Articles and Collections

Texas Ducks: A New Collection

Because of the abundance and diversity of wetland habitats along the Texas Gulf Coast, ducks are an important part of the Texas avifauna–and they remain one of my favorite photographic subjects. Without fail, when I present slide shows of images to friends and family, the ducklings are the most popular and collect the most “ooh’s and ahh’s.” Let’s face it: ducks and ducklings are fun.

Muscovy Ducklings at Hermann Park, Houston, Texas
Muscovy Ducklings at Hermann Park, Houston, Texas. Remarkably, no matter how different the adults look (and Muscovy Ducks are among the weirdest-looking of all ducks), many ducklings look alike-yellow with black stripes. Somehow that doesn’t affect their popularity! Canon EOS 7D/100-400mm f/4.5-5.6L IS. Natural light.

©2012 Christopher R. Cunningham. All rights reserved. No text or images may be duplicated or distributed without permission.

Galveston Island Birds: A New Collection

When we need a break from Brazos Bend State Park, we often bird and photograph Galveston Island birds. East Beach and San Luis Pass are especially enjoyable birding hot spots, particularly during the cooler months.

Sanderling on dead fish at East Beach, Galveston, Texas
Not so innocent! Sanderlings are common, but charming winter inhabitants of Galveston Island.

New Article and Collection: Stalking the Hunters

Stalking the Hunters: Observing and Photographing the Predatory Water Birds of Brazos Bend State Park, Texas explores the hunting activities of waders and other birds at one of the Texas Gulf Coast’s finest birding sites.

Little Blue Heron with American Bullfrog Tadpole at Brazos Bend State Park, Texas
This Little Blue Heron has just captured an American Bullfrog tadpole. Photo taken at 40-Acre Lake.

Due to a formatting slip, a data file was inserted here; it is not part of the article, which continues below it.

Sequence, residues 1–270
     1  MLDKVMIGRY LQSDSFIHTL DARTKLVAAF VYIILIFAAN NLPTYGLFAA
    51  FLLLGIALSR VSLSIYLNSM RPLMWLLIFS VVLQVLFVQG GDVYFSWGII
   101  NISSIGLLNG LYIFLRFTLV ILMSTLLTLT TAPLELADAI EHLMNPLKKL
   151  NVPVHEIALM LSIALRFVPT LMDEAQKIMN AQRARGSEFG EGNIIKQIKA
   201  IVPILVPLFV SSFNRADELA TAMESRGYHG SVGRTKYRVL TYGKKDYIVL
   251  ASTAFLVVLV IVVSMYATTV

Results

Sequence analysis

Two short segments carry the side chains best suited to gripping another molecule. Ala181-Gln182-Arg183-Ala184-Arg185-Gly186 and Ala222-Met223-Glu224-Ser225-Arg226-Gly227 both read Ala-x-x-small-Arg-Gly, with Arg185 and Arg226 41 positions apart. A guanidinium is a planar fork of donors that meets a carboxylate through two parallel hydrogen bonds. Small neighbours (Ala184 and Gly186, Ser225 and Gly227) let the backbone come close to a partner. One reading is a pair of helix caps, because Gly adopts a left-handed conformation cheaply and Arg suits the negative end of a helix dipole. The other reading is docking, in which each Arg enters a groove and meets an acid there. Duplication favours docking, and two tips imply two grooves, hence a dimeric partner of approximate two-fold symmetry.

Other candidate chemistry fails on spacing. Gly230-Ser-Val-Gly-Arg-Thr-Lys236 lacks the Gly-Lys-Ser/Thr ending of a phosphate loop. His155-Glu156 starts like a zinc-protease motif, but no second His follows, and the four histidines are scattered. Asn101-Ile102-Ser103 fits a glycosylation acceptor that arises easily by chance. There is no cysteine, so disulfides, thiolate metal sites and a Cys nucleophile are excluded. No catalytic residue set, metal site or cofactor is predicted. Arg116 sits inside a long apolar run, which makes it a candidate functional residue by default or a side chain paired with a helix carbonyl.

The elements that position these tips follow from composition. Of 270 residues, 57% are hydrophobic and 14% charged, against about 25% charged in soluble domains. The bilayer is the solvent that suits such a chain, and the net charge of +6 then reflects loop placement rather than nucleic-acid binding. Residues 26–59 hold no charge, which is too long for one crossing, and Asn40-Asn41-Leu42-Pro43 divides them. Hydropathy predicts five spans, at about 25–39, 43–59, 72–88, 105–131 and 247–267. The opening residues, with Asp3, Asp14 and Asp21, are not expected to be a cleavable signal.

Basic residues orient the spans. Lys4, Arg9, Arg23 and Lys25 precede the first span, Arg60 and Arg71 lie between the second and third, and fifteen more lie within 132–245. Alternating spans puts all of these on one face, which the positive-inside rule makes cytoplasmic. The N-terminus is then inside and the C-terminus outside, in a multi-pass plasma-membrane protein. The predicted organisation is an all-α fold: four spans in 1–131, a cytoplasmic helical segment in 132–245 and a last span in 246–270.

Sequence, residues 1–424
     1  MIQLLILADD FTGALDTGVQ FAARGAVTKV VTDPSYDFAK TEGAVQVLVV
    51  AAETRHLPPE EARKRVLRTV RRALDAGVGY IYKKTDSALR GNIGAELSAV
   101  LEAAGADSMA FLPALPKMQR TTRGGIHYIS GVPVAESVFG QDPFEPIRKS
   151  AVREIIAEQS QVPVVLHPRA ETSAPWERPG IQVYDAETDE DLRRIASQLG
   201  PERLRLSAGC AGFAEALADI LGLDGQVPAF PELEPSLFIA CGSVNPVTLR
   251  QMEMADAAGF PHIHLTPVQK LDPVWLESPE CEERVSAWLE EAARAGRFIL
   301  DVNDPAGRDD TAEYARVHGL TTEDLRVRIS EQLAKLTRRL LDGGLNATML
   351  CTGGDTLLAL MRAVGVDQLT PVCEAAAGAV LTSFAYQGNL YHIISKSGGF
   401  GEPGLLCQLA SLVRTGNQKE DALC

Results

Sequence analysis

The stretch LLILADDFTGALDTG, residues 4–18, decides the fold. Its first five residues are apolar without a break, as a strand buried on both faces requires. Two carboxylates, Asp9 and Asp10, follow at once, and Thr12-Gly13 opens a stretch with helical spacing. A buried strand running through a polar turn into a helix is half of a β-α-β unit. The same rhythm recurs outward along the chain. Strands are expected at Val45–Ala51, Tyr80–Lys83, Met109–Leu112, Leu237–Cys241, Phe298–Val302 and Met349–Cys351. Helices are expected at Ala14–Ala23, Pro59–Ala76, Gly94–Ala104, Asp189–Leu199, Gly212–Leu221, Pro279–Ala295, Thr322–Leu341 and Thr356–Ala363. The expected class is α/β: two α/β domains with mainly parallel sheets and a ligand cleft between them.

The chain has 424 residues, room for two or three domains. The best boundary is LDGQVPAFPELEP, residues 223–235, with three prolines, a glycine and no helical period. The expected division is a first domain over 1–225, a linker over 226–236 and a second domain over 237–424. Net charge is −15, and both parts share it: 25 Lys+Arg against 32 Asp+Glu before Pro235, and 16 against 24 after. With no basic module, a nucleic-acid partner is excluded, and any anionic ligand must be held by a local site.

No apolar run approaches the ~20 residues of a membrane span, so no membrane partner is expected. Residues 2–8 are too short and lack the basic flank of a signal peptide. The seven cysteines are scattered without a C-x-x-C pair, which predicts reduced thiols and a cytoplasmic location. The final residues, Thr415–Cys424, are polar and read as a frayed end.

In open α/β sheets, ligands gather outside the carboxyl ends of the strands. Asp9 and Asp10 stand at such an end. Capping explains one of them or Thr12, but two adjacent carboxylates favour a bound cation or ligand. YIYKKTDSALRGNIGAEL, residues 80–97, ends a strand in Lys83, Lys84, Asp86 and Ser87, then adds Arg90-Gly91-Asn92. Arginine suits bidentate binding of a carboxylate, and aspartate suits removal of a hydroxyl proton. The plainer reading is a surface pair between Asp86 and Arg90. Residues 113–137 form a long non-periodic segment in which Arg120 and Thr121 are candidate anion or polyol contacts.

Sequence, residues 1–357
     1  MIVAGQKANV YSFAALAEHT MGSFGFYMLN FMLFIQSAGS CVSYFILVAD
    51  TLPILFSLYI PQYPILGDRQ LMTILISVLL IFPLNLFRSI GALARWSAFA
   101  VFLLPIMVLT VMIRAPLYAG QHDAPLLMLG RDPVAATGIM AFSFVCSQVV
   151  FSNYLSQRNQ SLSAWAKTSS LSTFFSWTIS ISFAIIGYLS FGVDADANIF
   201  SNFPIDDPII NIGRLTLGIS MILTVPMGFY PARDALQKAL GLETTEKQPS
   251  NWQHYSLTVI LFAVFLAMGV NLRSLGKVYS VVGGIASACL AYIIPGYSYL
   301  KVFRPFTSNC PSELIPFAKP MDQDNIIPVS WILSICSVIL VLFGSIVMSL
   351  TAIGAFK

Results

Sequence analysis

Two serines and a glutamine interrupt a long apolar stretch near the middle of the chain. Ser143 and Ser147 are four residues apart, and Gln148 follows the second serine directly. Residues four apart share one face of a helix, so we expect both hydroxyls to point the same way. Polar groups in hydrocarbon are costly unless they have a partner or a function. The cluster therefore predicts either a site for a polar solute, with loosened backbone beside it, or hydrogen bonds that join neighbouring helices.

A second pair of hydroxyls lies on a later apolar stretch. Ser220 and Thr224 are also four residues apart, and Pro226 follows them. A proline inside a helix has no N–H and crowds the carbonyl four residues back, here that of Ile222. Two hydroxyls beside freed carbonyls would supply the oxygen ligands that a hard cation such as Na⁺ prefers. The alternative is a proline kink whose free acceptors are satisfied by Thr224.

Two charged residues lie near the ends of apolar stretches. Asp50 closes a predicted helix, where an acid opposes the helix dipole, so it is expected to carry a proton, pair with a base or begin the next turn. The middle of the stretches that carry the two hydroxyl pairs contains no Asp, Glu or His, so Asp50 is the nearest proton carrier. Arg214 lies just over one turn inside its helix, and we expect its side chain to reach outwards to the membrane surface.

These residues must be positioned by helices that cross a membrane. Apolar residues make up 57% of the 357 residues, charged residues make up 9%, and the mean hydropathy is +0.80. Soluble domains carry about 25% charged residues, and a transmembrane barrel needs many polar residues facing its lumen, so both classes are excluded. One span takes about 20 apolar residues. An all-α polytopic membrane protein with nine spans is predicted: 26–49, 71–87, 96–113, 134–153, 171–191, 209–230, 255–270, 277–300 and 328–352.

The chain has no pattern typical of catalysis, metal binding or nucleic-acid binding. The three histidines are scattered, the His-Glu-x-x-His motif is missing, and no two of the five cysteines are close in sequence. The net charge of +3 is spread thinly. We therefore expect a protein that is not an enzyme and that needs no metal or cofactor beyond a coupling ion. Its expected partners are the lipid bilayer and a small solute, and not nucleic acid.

Some of Our 2011 Favorites: New Collections

Each excursion into the field is filled with expectation. Will the mated pair of Pileated woodpeckers be at the nesting cavity today? Will we get another shot at photographing a Great Egret catching gar? Sometimes expectations pan out and sometimes we are pleasantly surprised by a new sighting, a new interaction, or a new discovery of some sort. In many ways, last year was our first year of serious photographic effort. We became willing to go great distances and work under hostile environmental conditions: we visited deserts, swamps, jungles, and mountains, and braved heat, cold, high-altitude electrical storms, bugs, alligators, and Grizzly Bears to get the shots. We had a blast!

We hope you will stop to take a look at Chris’s selected 2011 favorites, stay a while to see Elisa’s selected 2011 favorites, and then come back for more. Welcome!

Curious Empidonax Flycatcher at Anahuac National Wildlife Refuge, Texas
Empidonax sp. flycatcher, Anahuac National Wildlife Refuge, Texas. 
Empidonaxes are notoriously hard to identify to the species level. Elisa watched for hours as this unidentifiable but undeniably charming little bird flew to and from this riverside perch occasionally bringing back a tasty insect treat.
Male Mountain Bluebird at Yellowstone National Park, Wyoming.
This proud and confident bird allowed Chris to approach within twenty feet. Male Mountain Bluebird at Yellowstone National Park, Wyoming.